The twist on that, she says, is that when patients aren't scheduled and the physician just faxes over an order for lab work, it still goes into Care Ready. "Once it's interfaced [for a previous order], it's still there. You just add a visit and attach the date when the order came over."
If the patient has not been entered in the system previously, Kinsella says, staff add the name to the master person index (MPI) in Care Ready. "It's a one-way interface," she emphasizes. "Care Ready doesn't send anything back to [the registration system]. It will not add the name to that system's MPI."
By the end of 2007, seven SSM hospitals are expected to be on-line with the physician order management tool, Greenberg says, and the next step will be to bring in 17 outpatient rehab clinics, which are in the process of having registrars brought under the oversight of the access department.
"The [physician order management] process will fold right into that transition," she adds.
An upgrade planned for the beginning of 2008 will enable SSM staff to provide an on-line order form to physicians, who will be offered the option of checking the procedure or service being ordered, adding an electronic signature, and sending the form back to the hospital, Greenberg adds.
In some SSM hospitals, Care Ready also is used by members of SSM's dedicated authorization group (DAG), which calls physician offices on a daily basis to get precertification information and wait for faxes to be returned, notes Kinsella.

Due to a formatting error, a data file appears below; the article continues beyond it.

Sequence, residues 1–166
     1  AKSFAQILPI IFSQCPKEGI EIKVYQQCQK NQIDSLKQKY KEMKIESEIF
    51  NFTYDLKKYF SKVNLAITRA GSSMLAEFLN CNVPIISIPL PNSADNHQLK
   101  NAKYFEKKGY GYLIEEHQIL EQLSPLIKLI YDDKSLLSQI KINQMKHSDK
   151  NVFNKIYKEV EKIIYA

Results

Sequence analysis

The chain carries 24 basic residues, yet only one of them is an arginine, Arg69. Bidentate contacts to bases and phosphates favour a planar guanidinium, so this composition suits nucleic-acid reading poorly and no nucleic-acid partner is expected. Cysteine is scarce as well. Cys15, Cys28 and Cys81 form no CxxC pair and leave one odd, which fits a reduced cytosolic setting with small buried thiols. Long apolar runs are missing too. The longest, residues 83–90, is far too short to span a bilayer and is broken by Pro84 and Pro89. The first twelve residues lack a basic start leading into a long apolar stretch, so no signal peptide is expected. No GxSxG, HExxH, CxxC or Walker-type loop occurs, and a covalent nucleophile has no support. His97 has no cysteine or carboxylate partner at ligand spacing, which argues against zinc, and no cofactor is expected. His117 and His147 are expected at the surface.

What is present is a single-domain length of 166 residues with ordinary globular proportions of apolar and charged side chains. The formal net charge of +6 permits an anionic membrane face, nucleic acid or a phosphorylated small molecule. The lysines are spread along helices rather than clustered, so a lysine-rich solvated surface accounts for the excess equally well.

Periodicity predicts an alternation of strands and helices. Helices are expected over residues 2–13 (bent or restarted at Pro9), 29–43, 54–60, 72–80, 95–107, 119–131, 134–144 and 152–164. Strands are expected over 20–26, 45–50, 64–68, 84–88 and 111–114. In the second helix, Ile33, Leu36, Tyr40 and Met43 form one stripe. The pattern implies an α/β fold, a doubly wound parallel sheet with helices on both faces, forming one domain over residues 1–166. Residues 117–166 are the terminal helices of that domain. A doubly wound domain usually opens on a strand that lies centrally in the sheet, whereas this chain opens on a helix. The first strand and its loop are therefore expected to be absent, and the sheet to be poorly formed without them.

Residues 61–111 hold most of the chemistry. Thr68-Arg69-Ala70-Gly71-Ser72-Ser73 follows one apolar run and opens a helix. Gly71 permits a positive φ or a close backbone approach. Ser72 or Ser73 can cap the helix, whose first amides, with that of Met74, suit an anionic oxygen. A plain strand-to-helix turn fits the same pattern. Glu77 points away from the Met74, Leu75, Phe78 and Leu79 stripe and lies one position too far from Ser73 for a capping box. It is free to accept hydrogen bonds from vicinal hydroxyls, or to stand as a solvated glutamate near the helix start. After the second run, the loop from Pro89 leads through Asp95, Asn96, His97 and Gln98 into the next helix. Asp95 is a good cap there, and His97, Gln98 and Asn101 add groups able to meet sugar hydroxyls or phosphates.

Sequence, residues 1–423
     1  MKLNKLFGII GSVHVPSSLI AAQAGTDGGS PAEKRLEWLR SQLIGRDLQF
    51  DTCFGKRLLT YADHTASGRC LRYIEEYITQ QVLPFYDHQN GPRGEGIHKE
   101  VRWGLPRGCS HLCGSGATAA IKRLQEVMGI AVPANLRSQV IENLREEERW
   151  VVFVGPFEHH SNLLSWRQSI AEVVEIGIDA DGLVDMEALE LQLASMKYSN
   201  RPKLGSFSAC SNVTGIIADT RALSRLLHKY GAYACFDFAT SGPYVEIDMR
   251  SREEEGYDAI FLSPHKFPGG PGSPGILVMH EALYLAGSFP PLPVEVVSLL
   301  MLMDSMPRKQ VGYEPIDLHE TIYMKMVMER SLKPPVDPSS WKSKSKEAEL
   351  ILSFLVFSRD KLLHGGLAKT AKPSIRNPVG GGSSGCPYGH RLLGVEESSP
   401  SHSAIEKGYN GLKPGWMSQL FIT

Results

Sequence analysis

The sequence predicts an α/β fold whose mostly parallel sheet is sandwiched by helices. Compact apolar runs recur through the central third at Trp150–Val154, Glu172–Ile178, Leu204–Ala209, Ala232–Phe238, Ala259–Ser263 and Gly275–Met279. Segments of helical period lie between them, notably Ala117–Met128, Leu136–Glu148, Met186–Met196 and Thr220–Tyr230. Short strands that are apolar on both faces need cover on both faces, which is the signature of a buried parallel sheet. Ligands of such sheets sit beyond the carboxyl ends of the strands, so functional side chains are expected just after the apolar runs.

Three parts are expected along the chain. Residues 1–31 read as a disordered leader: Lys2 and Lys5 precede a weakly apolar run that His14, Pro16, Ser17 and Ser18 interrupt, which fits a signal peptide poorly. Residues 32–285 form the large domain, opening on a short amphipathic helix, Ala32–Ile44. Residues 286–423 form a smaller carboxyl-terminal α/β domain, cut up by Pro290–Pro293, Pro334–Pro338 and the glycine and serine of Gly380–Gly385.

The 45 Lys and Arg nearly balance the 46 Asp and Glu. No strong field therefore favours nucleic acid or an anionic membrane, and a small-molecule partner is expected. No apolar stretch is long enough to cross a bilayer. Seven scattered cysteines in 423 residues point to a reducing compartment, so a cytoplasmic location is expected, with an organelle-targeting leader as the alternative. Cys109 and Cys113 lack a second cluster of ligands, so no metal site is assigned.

SSM also is preparing to expand its use of the web-based tool from orders processing to "any time we need to use a fax," Greenberg says. "When we correspond interdepartmentally if the DAG team, for example, wants to send information to inpatient case management or vice versa we will use the same tool.
"It's not a cookie-cutter product," she adds. "You really can look around and say, 'I think I can use it for this,' and tailor it for what you need."
No capital investment required
The beauty of the tool is that it is "very inexpensive" and requires no capital investment, just operational funds, Greenberg notes. "The budget is just the ongoing monthly fee for service no huge amount for signing up, no big equipment costs."
While other solutions exist for managing physician orders, she adds, those she has researched are more complicated and more expensive. "The capital outlay would have been $25,000 or $30,000 to get started, and then enormously more per month [than the tool SSM is using]."
Part of the reason for the high costs of other physician order management products, Greenberg says, is that they are "folded into other solutions that we didn't need or already had and you had to buy the whole thing."
Before coming to SSM, Greenberg and Kinsella worked at a community hospital with Care Ready creator John Chen and as a result were present for the genesis of the product.
"We were trying to come up with this solution as part of a continuous quality improvement project," Greenberg recounts. "He did it in the basement of the hospital and we were his pilot, [saying], 'We want this. Now we want that.' He learned that nobody was doing this, so he ran with it."